Paessler adds failover clustering to Network Monitor

There’s no shortage of software for monitoring networks, but what happens if the monitors fails?

To remedy that possibility, Paessler AG has added failover clustering to the version 8 of its Windows-based PRTG Network Monitor, one of a number of added features/

“This is one of the most important releases in the company’s history,” said Ken Sanofsky, general manager of German-based Paessler’s North American division.

Up to four complete versions of Network Monitor can now be linked to the master server. If the master goes down, the next node in the chain becomes active, along with the database store.

“It takes us into a much better area for making sure the IT department is secure,” Sanofsky said by making what the company calls a fail-safe monitor.

Other new features include 25 new sensor monitor types, including sensors for Linux, Citrix Systems Inc.’s Xen hypervisor, for parallel virtual machines, for TFTP servers, LDAP directories. Five of the new sensors alone are for Windows Management Instrumentation (WMI) extensions.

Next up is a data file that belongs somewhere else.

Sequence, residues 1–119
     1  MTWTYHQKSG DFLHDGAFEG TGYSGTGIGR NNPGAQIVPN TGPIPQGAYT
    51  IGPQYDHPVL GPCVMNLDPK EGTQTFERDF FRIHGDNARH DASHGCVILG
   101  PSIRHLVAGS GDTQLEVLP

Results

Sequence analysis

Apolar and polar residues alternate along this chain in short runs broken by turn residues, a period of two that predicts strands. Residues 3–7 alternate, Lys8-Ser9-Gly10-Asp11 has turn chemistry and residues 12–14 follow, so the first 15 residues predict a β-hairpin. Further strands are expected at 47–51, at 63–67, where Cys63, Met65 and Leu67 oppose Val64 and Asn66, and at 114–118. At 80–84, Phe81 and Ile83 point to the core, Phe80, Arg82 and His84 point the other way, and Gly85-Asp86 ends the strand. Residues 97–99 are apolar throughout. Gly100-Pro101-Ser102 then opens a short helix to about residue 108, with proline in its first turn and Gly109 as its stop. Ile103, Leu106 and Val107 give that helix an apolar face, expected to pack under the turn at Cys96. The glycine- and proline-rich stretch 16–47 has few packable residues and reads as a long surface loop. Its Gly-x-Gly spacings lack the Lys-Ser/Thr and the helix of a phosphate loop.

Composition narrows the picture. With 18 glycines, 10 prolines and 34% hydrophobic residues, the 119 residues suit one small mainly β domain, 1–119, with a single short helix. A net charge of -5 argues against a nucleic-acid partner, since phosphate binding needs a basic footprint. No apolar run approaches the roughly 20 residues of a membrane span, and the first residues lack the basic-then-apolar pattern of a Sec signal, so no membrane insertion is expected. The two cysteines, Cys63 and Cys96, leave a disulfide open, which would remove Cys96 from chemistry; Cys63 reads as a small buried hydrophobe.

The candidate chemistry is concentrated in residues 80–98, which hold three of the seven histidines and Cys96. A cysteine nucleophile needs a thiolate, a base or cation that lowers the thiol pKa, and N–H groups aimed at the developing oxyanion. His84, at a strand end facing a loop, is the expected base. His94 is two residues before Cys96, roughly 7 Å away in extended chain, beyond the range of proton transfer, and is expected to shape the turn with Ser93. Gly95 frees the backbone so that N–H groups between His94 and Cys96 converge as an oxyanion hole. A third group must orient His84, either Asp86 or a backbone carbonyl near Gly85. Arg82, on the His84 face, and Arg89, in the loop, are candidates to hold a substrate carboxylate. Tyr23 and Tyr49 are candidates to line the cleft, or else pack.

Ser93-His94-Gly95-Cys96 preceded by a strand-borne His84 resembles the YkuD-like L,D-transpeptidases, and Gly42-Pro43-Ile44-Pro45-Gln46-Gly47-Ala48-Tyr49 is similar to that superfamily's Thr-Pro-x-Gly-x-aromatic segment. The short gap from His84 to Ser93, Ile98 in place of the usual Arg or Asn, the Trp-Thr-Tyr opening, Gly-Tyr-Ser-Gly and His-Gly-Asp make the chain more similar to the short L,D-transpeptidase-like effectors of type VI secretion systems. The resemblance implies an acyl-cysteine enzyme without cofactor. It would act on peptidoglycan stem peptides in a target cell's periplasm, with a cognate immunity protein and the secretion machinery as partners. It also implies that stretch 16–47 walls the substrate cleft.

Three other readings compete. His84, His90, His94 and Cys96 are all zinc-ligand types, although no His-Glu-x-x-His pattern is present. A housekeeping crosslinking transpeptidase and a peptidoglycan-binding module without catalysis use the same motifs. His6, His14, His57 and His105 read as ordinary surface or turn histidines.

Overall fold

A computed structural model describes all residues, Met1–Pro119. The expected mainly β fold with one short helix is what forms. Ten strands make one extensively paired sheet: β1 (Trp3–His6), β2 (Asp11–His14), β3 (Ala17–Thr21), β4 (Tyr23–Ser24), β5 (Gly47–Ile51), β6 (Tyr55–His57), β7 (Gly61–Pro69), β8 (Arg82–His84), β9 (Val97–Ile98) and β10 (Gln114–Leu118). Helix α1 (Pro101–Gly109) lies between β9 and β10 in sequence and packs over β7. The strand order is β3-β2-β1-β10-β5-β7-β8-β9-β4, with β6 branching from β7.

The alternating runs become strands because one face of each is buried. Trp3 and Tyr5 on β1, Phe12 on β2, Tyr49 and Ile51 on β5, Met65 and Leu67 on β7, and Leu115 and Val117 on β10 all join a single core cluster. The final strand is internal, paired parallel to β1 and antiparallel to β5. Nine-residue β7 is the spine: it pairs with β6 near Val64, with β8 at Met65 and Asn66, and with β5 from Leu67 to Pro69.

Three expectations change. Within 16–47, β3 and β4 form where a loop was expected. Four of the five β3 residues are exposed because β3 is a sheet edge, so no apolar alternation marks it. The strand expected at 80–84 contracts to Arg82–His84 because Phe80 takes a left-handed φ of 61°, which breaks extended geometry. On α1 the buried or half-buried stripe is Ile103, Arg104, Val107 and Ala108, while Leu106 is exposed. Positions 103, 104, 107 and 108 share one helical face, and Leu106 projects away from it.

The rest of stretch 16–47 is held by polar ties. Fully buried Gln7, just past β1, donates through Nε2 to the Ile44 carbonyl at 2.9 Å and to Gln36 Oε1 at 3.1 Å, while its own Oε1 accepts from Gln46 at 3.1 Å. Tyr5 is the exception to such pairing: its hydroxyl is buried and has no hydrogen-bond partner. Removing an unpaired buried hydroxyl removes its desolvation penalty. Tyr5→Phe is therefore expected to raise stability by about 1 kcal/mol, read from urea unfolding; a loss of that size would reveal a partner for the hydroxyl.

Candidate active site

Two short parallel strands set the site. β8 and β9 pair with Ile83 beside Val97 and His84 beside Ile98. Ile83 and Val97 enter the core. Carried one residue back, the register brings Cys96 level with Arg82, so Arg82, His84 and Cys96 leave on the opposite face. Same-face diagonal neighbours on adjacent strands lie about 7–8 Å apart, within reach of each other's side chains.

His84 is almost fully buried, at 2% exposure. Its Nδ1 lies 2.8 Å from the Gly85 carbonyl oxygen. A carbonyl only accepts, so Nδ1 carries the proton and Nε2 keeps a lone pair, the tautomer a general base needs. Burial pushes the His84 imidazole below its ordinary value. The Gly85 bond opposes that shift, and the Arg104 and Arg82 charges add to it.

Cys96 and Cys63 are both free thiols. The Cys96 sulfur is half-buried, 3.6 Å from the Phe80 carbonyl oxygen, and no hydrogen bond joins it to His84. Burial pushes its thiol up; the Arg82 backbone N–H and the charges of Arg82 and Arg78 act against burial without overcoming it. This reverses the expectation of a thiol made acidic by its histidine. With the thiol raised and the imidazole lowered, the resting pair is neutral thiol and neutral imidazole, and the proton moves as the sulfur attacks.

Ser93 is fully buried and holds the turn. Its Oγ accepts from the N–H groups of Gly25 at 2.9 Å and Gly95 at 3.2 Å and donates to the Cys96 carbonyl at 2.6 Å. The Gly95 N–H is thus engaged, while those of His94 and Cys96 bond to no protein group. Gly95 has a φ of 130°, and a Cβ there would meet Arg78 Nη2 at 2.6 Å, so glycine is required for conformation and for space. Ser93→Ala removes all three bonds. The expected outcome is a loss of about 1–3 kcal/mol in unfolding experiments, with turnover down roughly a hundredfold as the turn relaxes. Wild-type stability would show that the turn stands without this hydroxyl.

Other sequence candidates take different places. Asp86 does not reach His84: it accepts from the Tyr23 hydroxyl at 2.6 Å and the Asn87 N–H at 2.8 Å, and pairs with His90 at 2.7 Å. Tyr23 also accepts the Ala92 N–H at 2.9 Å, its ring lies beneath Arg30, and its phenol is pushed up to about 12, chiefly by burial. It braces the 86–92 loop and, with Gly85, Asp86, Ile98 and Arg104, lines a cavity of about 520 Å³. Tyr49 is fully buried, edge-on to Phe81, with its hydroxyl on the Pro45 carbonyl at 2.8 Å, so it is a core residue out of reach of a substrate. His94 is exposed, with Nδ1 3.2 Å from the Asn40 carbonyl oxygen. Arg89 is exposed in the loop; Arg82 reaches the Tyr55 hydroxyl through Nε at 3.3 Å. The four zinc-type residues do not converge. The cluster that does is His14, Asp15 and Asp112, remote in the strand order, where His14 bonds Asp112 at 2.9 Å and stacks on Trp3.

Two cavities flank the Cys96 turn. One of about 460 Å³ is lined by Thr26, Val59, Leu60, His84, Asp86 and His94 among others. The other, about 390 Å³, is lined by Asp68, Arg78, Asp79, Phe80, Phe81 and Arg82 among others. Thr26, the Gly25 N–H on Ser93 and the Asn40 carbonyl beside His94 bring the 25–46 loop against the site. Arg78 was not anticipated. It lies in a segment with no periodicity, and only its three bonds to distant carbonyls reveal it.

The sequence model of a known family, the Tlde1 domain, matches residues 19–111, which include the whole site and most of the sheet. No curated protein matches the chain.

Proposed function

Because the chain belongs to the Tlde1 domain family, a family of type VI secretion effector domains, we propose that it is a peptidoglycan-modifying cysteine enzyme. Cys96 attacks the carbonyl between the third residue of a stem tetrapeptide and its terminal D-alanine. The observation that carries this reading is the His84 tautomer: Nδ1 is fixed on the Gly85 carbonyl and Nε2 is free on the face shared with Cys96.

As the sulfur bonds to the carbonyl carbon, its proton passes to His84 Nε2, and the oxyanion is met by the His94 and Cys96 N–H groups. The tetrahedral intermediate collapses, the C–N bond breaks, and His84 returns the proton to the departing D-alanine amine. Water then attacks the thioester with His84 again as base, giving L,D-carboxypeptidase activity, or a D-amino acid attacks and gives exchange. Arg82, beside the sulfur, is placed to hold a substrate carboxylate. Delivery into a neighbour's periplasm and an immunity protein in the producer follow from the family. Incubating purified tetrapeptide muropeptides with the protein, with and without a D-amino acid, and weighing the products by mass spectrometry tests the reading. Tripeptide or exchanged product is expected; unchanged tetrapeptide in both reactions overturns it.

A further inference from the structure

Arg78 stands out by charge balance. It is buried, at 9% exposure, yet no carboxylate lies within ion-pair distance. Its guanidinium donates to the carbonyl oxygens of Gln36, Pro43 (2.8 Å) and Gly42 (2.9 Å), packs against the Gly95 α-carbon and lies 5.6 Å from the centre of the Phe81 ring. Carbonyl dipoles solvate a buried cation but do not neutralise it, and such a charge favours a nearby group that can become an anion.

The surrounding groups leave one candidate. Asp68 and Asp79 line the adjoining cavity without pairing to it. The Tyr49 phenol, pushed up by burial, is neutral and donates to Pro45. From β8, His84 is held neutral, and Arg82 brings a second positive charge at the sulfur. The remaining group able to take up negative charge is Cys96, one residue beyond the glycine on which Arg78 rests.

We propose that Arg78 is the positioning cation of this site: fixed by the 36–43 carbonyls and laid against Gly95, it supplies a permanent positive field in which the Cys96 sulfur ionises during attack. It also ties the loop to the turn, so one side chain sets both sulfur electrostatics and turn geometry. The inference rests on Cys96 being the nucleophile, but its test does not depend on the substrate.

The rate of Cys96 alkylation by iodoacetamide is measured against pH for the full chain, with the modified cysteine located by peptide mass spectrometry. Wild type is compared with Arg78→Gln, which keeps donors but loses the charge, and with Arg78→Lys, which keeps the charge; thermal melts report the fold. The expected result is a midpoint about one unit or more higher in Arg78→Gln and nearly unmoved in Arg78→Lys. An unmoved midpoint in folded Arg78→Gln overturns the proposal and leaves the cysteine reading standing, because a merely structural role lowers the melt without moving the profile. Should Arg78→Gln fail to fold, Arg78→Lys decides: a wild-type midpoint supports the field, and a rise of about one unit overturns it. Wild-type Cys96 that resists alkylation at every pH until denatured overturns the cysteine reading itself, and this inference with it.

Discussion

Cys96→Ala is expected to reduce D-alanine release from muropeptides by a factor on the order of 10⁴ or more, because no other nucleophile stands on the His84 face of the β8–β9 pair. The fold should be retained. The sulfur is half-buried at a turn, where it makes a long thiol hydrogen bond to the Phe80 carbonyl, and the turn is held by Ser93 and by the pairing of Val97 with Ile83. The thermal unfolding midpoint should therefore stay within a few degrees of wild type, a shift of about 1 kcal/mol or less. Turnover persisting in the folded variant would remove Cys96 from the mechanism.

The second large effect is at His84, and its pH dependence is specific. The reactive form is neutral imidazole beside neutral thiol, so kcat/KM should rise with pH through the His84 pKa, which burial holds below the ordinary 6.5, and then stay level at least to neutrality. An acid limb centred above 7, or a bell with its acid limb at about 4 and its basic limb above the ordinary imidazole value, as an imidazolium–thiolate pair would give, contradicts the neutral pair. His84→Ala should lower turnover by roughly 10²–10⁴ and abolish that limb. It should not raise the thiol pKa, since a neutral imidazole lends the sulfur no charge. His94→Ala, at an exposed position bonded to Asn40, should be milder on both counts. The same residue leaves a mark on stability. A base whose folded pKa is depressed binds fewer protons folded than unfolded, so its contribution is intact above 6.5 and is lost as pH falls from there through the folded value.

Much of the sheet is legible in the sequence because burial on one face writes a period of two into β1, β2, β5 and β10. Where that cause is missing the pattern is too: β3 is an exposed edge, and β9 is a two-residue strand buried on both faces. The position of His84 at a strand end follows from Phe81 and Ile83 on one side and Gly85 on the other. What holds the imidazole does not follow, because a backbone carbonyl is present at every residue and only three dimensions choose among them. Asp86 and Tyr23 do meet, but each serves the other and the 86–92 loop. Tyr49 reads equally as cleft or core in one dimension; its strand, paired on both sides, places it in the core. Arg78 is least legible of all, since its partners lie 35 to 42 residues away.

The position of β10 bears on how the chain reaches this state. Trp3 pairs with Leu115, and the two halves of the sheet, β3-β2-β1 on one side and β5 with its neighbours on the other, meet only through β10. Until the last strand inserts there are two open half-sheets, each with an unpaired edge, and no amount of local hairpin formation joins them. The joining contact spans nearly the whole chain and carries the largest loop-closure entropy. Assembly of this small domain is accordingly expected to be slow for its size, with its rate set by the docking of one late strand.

Other changes include added functions for creating custom network maps. For those with more than location, there’s now Google Maps support. Those who need remote access to their networks from handhelds may appreciate the mini-HTML interface for iPhone, BlackBerry, Android and Windows Mobile devices.

Arguably one of the biggest changes is not in the software but in its pricing. Paessler has dropped the pay by add-ons model which Network Monitor and many competitors use to four levels based on the number of sensors. A sensor can be a port on a switch or a specific piece of data the monitor pulls. Network Monitor now includes 80 sensor types.

The lowest price of US$400 includes 100 sensors. There is pricing for 500 and 1,000 sensors, plus a separate price for large enterprises wanting an unlimited number of sensors. No matter which version picked, it comes with all features enabled.
Sanofsky acknowledged that there is a “small price increase” in the new pricing strategy.


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Howard Solomon
Howard Solomon
Currently a freelance writer, I'm the former editor of and Computing Canada. An IT journalist since 1997, I've written for several of ITWC's sister publications including and Computer Dealer News. Before that I was a staff reporter at the Calgary Herald and the Brampton (Ont.) Daily Times. I can be reached at hsolomon [@]

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